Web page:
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:            KINGSTON, Jamaica (AP) _ Rastafarians gathered Wednesday for a
: huge reggae concert and other events to mark the 100th anniversary
: of the birth of Emperor Haile Selassie I of Ethiopia, whom the
: Rastas consider their god.
:            The week of festivities starts Thursday with a free concert at
: the National Arena. Freddy McGregor, Third World, Ziggy Marley and
: The Melody Makers, Beres Hammond, the Mystic Revelation of
: Rastafari, Judy Mowat Mutabaruka and I Jahman Levi will perform.
:            The Rastafarians, distinguished by their dreadlocks hairstyle,
: abstinence from salt and belief that marijuana is the biblical weed
: of wisdom, also plan a motorcade retracing the route followed by
: Selassie during an April 1966 visit to Jamaica.
:            "We are His Majesty's children in the West and it is only
: fitting that we mark his 100th birthday with a celebration filled
: with the honor, respect and majesty that he is due,'' said Minion
: "Minnie'' Phillips, the organizer of the "Jah Live'' concert.
:            Members of the Rastafarian cult, which originated in Jamaica,
: say Selassie, who was born July 23, 1892 and died in 1975, a year
: after being dethroned in a Marxist takeover, was reincarnated as
: the black Christ.
:            They also advocate a return to Africa, which they regard as the
: spiritual home of all black people.


: ARTICLE  Rastafarians
: TEXT     {rah-stuh-far'-ee-uhnz}  Rastafarians are members of a Jamaican
: messianic movement dating back to the 1930s  in 1974 they were estimated
: to number 20,000 in Jamaica. According to Rastafarian belief the only true
: God is the late Ethiopian emperor HAILE SELASSIE (originally known as Ras
: Tafari), and Ethiopia is the true Zion. Rastafarians claim that white Christian
: preachers and missionaries have perverted the Scriptures to conceal the
: fact that Adam and Jesus were black. Their rituals include the use of marijuana
: and the chanting of revivalist hymns. REGGAE music is the popular music
: of the movement. The Rastafarians, who stress black separatism, have exercised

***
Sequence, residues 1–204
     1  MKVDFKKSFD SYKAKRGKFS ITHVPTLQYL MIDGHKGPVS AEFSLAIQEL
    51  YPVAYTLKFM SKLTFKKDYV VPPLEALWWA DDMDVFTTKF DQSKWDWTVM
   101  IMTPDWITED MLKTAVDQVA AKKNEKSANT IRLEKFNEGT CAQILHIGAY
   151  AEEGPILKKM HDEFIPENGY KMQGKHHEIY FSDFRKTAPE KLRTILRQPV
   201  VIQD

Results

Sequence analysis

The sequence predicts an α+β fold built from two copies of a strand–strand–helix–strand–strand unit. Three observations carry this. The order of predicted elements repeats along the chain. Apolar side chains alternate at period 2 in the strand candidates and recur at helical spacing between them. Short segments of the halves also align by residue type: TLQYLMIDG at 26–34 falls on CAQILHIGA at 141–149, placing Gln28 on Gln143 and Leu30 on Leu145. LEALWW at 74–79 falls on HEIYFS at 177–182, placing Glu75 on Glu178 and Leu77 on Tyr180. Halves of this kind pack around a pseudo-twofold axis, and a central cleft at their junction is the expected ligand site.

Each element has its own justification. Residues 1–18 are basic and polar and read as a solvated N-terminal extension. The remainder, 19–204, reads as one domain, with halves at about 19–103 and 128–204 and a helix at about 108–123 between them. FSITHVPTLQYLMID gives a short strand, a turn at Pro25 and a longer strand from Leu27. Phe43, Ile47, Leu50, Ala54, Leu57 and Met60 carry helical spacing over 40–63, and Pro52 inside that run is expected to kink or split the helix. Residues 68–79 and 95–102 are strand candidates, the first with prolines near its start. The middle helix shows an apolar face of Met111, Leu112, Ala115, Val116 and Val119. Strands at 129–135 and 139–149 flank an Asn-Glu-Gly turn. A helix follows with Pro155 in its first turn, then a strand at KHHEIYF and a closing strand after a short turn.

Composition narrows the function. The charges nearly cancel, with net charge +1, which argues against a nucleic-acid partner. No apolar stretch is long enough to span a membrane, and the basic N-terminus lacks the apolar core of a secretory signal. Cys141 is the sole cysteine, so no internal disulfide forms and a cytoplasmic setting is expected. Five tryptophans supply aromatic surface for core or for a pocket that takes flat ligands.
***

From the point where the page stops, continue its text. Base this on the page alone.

: some political influence in Jamaica.
: BIBLIOG  Bibliography: Barrett, Leonard E., The Rastafarians: Sounds of
: Cultural Dissonance (1977)  Sparrow, Bill, and Nicholas, Tracy, Rastafari:
: A Way of Life (1979).


: ARTICLE  Haile Selassie, Emperor of Ethiopia
: TEXT     {hy'-lee suh-lahs'-ee}  Haile Selassie was emperor of Ethiopia
: from 1930 to 1974. A cousin of Emperor MENELIK II, he was born Tafari Makonnen
: on July 23, 1892. Menelik was succeeded in 1913 by his grandson Lij Yasu,
: a converted Muslim. When Lij Yasu attempted to change the official religion
: of Ethiopia from Coptic Christianity to Islam, Tafari Makonnen drove him
: from the throne and installed (1916) his aunt as Empress Zauditu. Assuming
: the title Ras Tafari, he named himself regent and heir to the throne. He
: became de facto ruler of the country and was crowned king in 1928. Two
: years later, after the mysterious death of the empress, he became emperor
: as Haile Selassie I.  Haile Selassie ruled as an absolute monarch, centralizing
: Ethiopia and instituting a number of reforms, including the abolition of
: slavery. In 1935, after the Italian Fascist troops of Benito MUSSOLINI
: had invaded Ethiopia, Haile Selassie gained the admiration and sympathy
: of the world with his impassioned plea for aid from the League of Nations.
: The league was powerless to act, however, and Mussolini consolidated his
: gains and officially annexed Ethiopia to Italy. Haile Selassie was forced
: into exile.  Ethiopia was liberated early in World War II, and Haile Selassie
: regained his throne in 1941. After the war he resumed his long-range plans
: to modernize Ethiopia. He continued his autocratic rule, however, and opposition
: to him grew. Beginning in 1960 a series of coups d'etat were attempted,
: and in reaction his rule became increasingly despotic. Finally, in 1974
: the army succeeded in seizing control. Haile Selassie was stripped of his
: powers, and later that year he was removed from the throne and placed under
: house arrest. He died in Addis Ababa on Aug. 27, 1975.BIBLIOG  Bibliography:
: Clapham, Christopher S., Haile Selassie's Government (1969)  Legum, Colin,
: Ethiopia: The Fall of Haile Selassie's Empire (1975)  Mosley, Leonard,
: Haile Selassie: The Conquering Lion (1964)  Shwab, Peter, ed., Ethiopia
: and Haile Selassie (1972).
: